It happens every day, at least once. Her mother's voice trilling from somewhere in the house as she calls "Laura! Laura!" holding the first syllable to make it sound playful. The noise echoes strangely in the small house.
Laura doesn't know who her mother thinks she's pretending for.
She'd been lying on the sofa polishing her small collection of glass animals, but at her mother's repeated call Laura slowly got to her feet and shuffled towards the kitchen. She'd barely sat down in the chair before Amanda Wingfeild whisked into the room and laid a newspaper in front of her. Tom leaned against the far counter, eying them all with impatience.
Lately that was all that he had been doing. He would come home and pace the rooms, or simply stand and make cutting remarks. Her mother avoided him whenever he was in such a mood, but Laura was unable to leave so easily when Tom entered. At these times she merely lowered her eyes and resumed the handling of a few glass figurines she kept on a shelf. But the figures were in another room today, and mother was trying to speak to her.
"You've not had any gentleman callers." Amanda started. Laura frowned, shaking her head.
"Gentleman callers?" Tom scoffed, "She hasn't left the house." Neither replied. Laura looked away from him, but Amanda continued on as if she hadn't heard.
"Laura, dear, this can't go on." She wrung her hands absently, gazing at her daughter. "What will happen to you?" A silence, one that Laura could not find a voice to meet. Her mother's voice got sharper. "Laura? Laura are you listening to me?"
"Yes mother." She breathed, looking at the table rather than at her mother.
"I was thinking, until the gentleman collars arrive..." Amanda tapped the paper, to an advertisement. A thick black box was drawn around an ad for a typewriting course. Learn quickly and easily! It promised. Type with speed and accuracy! Laura looked up at her mother, mouth open in horror. "A typewriting course?"
"It would do you well." Amanda told her. "Get out of the house.... and learn some valuable skills, darling, we can't pretend you're still in high school..."
Laura was on the verge of protest when Tom's cutting voice silenced her.
"And what about me?"
"Tom?" she said instead, looking quickly up at her brother and away again. He was angry tonight, angrier than she had seen him in a long time. His eyes burned. Like a snake his body was tensed, ready to lash out at whatever it perceived as a threat.
"A business course for Laura. How much does that cost? While I'm down at the warehouse every night working to keep this house and you two-"
"Tom!" Amanda cried, shocked, but he ignored her.
"And everything how it should be. Then I come home to pace around this little room and watch you cook dinner and Laura fret about. It's not-" He stopped, biting off the rest of the words. Amanda looked shocked, scandalized. Tom let out an angry sigh. "I'm done here." He retreated, to the fire escape.
"oh my...." Amanda wrung her hands, eyes darting around the kitchen nervously.
"Laura, why don't you talk to him? Make him see.... we're all trying our best..." Such a feat seemed a doubtful proposition at best. But Laura rose obediently, steadying herself with the table before following her brother out onto the fire escape. They could hear the drifting melodies from the music hall next door, but the night was clear and still. She stood beside Tom in the silence, trying to find the words to say the things that their mother needed her to impart.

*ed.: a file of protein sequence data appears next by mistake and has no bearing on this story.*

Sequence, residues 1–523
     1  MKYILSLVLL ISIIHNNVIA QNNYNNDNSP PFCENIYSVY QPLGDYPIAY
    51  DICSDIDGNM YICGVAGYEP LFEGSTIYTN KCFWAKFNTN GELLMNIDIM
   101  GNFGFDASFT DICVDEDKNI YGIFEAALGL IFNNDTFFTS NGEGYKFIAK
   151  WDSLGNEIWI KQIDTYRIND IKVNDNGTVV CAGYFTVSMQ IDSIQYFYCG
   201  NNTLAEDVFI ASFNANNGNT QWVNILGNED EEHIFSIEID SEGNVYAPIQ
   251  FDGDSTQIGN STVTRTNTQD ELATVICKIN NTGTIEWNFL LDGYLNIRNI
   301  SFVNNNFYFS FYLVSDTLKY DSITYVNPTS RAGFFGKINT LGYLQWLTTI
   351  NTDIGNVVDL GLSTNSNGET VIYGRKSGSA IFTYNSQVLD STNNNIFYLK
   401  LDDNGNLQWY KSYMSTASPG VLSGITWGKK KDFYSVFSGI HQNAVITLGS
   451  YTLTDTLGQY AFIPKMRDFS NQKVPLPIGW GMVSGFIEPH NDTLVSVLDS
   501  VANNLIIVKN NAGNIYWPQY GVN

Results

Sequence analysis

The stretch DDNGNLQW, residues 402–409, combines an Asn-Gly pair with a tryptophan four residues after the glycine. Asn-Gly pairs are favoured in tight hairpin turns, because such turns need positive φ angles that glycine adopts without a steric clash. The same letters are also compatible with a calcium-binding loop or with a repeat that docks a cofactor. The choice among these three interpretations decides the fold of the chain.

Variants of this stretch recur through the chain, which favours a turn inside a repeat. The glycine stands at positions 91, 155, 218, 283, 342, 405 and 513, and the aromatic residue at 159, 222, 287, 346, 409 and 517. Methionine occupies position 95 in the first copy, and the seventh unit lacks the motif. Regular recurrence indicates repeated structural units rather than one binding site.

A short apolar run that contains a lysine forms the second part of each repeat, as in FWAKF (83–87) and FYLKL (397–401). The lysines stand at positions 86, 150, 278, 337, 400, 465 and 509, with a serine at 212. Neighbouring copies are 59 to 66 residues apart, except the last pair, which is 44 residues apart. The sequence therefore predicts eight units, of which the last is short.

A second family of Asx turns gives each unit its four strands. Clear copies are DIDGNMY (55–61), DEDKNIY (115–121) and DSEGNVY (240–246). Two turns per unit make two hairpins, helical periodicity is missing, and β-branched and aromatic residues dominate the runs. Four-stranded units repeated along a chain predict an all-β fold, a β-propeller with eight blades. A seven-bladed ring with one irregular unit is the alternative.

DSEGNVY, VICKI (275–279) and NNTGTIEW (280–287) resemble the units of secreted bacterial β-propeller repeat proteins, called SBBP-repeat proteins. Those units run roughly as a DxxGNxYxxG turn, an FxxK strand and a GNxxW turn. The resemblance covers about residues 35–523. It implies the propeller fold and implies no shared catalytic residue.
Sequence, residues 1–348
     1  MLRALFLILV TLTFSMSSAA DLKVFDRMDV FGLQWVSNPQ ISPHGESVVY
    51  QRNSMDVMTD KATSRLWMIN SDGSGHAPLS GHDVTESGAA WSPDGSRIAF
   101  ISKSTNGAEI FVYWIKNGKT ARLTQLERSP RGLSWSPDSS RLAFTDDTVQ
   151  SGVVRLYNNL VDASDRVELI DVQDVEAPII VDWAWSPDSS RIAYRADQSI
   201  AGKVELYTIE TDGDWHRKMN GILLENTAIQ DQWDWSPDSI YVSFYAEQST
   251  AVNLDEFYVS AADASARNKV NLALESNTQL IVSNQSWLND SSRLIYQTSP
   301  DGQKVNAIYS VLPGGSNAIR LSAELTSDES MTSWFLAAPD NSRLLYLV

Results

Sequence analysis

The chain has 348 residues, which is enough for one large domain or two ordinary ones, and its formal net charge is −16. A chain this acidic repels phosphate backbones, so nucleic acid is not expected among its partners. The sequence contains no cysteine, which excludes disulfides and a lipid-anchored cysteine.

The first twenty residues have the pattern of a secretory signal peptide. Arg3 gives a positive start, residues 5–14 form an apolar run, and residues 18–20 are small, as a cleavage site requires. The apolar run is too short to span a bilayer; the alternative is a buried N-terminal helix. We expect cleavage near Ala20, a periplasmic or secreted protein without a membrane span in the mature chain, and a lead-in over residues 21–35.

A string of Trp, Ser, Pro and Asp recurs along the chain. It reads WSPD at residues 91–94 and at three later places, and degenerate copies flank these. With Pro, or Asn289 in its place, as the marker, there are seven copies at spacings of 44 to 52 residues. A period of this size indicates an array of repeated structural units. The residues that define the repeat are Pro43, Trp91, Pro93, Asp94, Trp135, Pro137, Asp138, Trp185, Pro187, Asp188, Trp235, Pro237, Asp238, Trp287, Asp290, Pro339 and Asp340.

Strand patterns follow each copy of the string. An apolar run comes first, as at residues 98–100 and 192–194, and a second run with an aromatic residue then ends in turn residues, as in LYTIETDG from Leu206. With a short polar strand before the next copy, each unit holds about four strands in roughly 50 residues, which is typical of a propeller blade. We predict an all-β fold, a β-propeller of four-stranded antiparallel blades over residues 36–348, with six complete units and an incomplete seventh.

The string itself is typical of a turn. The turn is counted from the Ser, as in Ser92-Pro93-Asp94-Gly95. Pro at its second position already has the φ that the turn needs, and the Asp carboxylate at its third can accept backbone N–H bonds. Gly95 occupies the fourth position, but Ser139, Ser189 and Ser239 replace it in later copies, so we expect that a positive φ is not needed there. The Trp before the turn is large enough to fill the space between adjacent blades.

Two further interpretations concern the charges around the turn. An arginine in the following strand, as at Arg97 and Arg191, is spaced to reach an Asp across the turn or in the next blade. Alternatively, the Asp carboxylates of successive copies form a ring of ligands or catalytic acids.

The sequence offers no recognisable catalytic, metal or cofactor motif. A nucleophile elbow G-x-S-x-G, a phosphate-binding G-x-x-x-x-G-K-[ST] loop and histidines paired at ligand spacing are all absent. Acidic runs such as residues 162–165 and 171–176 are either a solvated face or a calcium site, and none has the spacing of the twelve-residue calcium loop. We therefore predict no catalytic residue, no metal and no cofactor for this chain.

He didn't seem to have any words for her either. After several long stretches of silence, he finally sighed and spoke. "I'm going to the movies. I don't know when I'll be home."
He left without another word. Amanda waited in the living room, trying her best to appear unruffled. Tom swept by her, but Laura stopped in front of her mother. I can't. I'm sorry.
Her mother smiled, a tremulously fragile smile that tried to hold the world. "Come on, Laura dear." Was all she said. She took her daughter's hand and led her to the sofa. "Let me braid your hair, you'll like it." She carded her fingers through the strands, combing them out before starting to braid.
"Men like a french braid you know." She told Laura as she worked. The touch of her hands was comforting. "It makes you look like a lady. Sophisticated. The times I wore my hair in a braid- they gentleman callers lined up around the street! You ask anyone. I wore my hair in single french braid that day I had seventeen of them. Including your father, I might add."
Laura let her prattle on, safe on the couch and in her mother's hands. She let her mind drift, to highschool and times spent in the theater with Jim. She's listen to him sing, and her heart would feel like it was bursting. Blue roses. She was his blue roses.
"What have you got there in your hands dear?"
"Oh." She'd been fiddling with one of her figurines. "It's a glass figure. An elephant."
The tiny sculpture wasn't perfect: the tusks were too long to balance it out, and the legs didn't look quite real. But she liked him.
"It's very lovely." Amanda nodded. "You like them?"
"Him." She corrected, tentatively. "More than anything. Yes."
"Maybe we'll get you another then." Her mother smiled softly. "Your hair is done."
Laura bit her lip, saying finally "I'll take the typewriter course." She could force her way through it, if only to make her mother happy.
"Of course you will, dear. And I'll have Tom bring around some gentleman callers for dinner, won't that be nice?" And she left Laura on the couch, breezing back into the kitchen where Laura was unable to follow.
Some things never did change. But the next day her mother came home with a tiny glass unicorn tied in ribbon. "For you dear." She said lightly, turning away to start dinner. Laura didn't reply, already enraptured with the figure nestled carefully in her delicate hands.